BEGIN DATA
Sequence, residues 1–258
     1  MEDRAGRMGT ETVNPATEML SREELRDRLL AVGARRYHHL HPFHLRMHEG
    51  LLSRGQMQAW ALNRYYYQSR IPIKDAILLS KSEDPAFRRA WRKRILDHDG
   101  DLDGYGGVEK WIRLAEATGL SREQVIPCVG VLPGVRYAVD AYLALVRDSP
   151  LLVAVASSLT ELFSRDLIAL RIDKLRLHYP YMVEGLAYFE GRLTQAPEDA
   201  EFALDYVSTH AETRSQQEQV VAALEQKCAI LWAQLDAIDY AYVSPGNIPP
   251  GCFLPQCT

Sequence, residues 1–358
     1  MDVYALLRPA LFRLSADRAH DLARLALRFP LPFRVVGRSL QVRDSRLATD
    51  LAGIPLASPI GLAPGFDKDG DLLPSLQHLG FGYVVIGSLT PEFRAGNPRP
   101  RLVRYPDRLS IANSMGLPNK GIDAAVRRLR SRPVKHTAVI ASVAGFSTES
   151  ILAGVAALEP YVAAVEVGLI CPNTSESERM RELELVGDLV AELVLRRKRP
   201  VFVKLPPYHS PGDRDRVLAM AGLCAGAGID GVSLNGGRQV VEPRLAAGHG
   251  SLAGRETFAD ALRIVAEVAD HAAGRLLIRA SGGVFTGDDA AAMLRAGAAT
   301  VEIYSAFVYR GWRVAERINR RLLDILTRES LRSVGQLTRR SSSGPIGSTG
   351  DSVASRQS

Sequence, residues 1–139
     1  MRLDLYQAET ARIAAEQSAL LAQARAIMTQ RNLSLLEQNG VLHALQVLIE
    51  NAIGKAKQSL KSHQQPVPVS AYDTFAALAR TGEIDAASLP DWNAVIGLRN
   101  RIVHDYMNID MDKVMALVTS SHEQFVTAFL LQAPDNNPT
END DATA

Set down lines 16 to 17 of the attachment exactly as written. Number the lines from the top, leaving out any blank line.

   351  DSVASRQS

Sequence, residues 1–139